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Reforming Education: It’s Personal for Gifted Folks

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reforming gifted education for gifted students blog postWe’ve all known or been that someone. You know, the reformed reformer — the person who quit smoking and is now obnoxiously anti-smoking, or the person who has given up gluten and can’t stop talking about the benefits of such, or the person who has found religion and is now preaching to everyone who will listen. Sometimes we may be annoyed by these newly-found states of bliss thrown in our faces; however, we can’t help but feel happy for them in their conversion ecstasy.

In my line of work, which is gifted education, the best adult conversions I have witnessed have been teachers who have embraced new ways to teach that engage them as much as the students. I have had teachers say to me that once they have gotten over their obstacles, and opened their eyes and minds to exciting and interactive ways to teach, that they could never go back to rote teaching and learning again—much like their students also feel, I would imagine!

Rather than direct instruction with single correct responses and back and forth singsong exchanges between teachers and students, these reformed educators have discovered that it’s is much more fun, fulfilling,  and worthwhile to present students with problems, issues, and concerns that they can grapple with through complex questioning and discovery. They can now ponder and research individualized projects of their interest to manifest new understandings in personal ways through their products. Time flies; teachers and students are motivated and engaged; learning abounds for everyone.

If you are an educator with gifted and talented students in your classes, who hasn’t converted yet, consider how you might transition to the “other side.” What obstacles are you facing that you can overcome? What convincing do you need to lead you to a new type of euphoric teaching? Whose help do you need to get you there? Think about it and make a plan of action. You’ll be glad you did for your sake, as well as for those gifted students who will be very appreciative.

All the best,

Barbara Swicord, Ed.D.
CEO, National Society for the Gifted and Talented (NSGT)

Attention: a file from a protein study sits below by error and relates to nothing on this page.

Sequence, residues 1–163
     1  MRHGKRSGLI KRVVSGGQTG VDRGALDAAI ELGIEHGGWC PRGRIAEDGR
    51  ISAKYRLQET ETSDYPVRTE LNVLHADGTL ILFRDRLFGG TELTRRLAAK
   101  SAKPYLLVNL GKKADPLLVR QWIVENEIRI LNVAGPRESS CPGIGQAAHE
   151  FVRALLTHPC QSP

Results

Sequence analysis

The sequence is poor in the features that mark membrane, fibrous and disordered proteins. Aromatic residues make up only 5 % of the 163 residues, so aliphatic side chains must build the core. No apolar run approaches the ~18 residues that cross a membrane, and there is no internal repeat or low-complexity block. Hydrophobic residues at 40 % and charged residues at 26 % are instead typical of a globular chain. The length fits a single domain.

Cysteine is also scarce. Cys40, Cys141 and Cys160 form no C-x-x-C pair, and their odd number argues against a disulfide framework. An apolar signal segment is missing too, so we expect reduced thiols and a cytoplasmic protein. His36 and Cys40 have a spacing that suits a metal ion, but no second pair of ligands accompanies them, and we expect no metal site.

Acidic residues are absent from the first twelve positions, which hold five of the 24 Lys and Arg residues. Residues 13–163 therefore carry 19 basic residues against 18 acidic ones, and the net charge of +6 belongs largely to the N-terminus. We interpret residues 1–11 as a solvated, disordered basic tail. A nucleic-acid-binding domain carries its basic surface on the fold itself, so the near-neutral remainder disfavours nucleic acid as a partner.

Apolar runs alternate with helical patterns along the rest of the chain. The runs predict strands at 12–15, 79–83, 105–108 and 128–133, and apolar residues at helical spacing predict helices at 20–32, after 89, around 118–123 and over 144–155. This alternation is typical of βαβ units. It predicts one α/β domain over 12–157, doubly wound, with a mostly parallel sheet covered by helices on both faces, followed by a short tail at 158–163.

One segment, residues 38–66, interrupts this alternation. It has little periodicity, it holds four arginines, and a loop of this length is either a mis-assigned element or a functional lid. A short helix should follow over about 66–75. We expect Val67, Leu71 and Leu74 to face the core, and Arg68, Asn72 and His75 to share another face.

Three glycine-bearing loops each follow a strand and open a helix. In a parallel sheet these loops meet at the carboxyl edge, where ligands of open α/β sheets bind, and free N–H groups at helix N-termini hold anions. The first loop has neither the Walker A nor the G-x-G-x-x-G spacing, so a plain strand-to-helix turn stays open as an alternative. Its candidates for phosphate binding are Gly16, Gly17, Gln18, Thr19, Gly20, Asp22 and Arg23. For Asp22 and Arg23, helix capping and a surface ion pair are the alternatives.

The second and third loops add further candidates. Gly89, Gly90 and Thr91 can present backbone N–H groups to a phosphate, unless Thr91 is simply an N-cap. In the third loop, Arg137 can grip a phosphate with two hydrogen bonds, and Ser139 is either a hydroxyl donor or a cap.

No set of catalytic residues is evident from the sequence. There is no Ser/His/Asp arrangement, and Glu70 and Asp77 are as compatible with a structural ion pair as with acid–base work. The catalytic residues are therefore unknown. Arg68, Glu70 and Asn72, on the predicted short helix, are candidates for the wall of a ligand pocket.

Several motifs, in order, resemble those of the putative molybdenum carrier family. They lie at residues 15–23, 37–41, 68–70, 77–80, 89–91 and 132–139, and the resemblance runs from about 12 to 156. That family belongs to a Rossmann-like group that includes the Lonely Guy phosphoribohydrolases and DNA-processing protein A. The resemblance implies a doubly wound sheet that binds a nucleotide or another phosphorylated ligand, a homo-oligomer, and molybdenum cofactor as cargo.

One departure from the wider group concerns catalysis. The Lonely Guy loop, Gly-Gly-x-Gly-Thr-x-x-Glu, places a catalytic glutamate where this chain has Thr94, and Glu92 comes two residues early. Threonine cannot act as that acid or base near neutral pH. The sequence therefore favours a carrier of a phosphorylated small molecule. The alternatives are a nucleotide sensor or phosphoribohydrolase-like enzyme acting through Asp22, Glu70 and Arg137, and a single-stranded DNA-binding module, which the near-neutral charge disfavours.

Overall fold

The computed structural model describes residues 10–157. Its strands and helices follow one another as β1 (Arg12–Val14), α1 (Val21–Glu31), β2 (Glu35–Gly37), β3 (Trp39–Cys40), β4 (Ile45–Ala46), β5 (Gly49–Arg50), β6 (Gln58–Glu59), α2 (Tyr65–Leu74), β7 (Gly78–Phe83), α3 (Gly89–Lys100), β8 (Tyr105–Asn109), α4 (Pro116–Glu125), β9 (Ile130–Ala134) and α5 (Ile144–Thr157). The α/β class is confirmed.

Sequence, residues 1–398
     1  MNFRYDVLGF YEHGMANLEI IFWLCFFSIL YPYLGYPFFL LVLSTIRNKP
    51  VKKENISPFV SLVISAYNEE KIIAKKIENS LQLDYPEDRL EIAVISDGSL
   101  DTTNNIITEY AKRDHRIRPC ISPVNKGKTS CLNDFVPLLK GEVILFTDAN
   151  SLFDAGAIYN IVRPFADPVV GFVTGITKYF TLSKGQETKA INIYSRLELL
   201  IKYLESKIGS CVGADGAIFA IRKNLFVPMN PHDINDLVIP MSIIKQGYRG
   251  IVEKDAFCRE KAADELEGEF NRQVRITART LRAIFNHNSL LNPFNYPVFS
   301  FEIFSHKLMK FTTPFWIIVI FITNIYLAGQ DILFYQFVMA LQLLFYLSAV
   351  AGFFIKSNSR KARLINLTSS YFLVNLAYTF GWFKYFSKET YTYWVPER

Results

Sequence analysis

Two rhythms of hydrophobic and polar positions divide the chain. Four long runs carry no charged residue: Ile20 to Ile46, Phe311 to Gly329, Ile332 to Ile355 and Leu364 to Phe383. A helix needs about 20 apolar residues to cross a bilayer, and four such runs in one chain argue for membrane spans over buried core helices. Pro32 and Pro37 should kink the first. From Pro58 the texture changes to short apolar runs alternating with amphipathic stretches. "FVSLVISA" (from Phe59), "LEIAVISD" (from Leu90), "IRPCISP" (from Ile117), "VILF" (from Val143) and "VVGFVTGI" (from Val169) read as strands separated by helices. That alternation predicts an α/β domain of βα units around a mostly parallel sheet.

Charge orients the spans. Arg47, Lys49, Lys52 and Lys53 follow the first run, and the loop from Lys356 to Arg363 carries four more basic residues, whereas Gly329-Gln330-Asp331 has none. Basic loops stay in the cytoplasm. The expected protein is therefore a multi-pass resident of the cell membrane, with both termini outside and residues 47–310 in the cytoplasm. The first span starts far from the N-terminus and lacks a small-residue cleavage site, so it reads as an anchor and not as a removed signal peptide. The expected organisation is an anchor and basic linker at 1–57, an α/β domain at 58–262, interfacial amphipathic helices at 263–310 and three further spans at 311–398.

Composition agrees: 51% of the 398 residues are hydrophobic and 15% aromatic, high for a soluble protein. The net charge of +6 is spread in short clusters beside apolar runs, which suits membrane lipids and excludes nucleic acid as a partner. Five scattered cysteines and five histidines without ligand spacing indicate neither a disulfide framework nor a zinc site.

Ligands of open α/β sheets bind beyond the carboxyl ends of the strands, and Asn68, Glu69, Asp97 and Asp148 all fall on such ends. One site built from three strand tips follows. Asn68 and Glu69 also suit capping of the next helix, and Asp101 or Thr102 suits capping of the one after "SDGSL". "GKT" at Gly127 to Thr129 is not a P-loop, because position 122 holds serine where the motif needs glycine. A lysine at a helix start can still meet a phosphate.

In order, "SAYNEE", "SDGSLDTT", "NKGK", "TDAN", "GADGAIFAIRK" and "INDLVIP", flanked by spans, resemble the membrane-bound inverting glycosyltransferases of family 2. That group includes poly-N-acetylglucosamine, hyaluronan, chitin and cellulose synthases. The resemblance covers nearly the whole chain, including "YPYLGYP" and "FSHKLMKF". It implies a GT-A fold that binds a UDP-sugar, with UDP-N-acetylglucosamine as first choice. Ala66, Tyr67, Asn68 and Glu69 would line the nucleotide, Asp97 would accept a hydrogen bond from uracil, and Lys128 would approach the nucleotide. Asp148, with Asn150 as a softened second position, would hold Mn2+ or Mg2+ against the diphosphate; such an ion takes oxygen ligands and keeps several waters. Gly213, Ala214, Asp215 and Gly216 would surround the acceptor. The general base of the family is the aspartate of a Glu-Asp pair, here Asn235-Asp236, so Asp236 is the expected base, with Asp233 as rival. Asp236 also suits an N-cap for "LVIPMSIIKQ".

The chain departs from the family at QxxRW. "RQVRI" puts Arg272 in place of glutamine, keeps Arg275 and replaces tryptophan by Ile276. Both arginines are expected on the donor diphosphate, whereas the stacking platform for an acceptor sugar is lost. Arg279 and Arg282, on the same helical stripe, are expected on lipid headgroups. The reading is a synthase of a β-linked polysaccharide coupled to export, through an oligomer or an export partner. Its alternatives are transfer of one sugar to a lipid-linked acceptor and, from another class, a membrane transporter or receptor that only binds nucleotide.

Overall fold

President, Summer Institute for the Gifted (SIG)

2 responses to “Reforming Education: It’s Personal for Gifted Folks”

  1. Bryan Thomas says:

    Hello Dr. Swicord,

    I really appreciate your post, and definitely agree with what you have mentioned. I, too think that teachers that are in the classroom of specialized students should be teachers with a specialized skill set to instruct these students with some different strategies. However, in addition to the academics that need to be provided to the students; what about the social development of the students, and their families? In some cases these students can be looked as outcasts by their peers. What happens if they cannot keep up with peers or properly adjust to the learning curve? There may be parents that have other children, and they have to assure to their other children that they are smart too. Are there any family supports for matters such as this? Standardized testing is a major topic in education, whether you have opted in to National or State testing, the gifted students are expected to do exceedingly well. How do you prepare for that when the curricula of gifted and talented courses (as you mentioned above) may not, in a lot of cases, do not align to the content covered within the assessments?

    • Barbara Swicord, Ed.D. says:


      Thank you so much for your thoughtful response. I’m so glad you mentioned the social and emotional aspects of giftedness as that is such an important part of what we do here at SIG. Many of my blog posts and newsletter articles deal with this component. It’s very important to us that our students are happy, lead fulfilling lives, and have a positive feeling about themselves. We build experiences into our programs that encourage positivity, healthy peer interactions, and acceptance. That’s one reason it’s so important for gifted students to be a part of a group of like-minded individuals, so that they appreciate that there are others who are very similar to them. Another aspect of a positive self-esteem that we emphasize is focusing on personal goals and growth, and not being overly concerned with how you compare to others, either in your family or your academic group. For this reason we have students create a personal objective to work on during their time with us.

      Standardized testing can be a concern to educational leaders who need to show growth and skill attainment on a group level. Gifted students tend to perform well on most core curriculum standardized tests as they pick up and retain information easily, and they can do that in the course of studying a wide variety of topics of interest to them.

      For additional family support, possible avenues include local area psychologists, school guidance counselors, religious and spiritual leaders of access to the families, and gifted program coordinators who might have other local avenues of support for their students. In addition to national organizations like ours that focus on the broad needs of gifted children, if you are looking for specific emotional support or related topics of interest, you might reach out to Supporting the Emotional Needs of the Gifted (SENG) or places like the Summit Center in California. Many other such organization exist within smaller communities, as well. I hope this information is helpful. Please keep reading and thinking about these important issues regarding gifted children as we all work to build a fantastic present and future for them.

      All the best,
      Dr. Swicord

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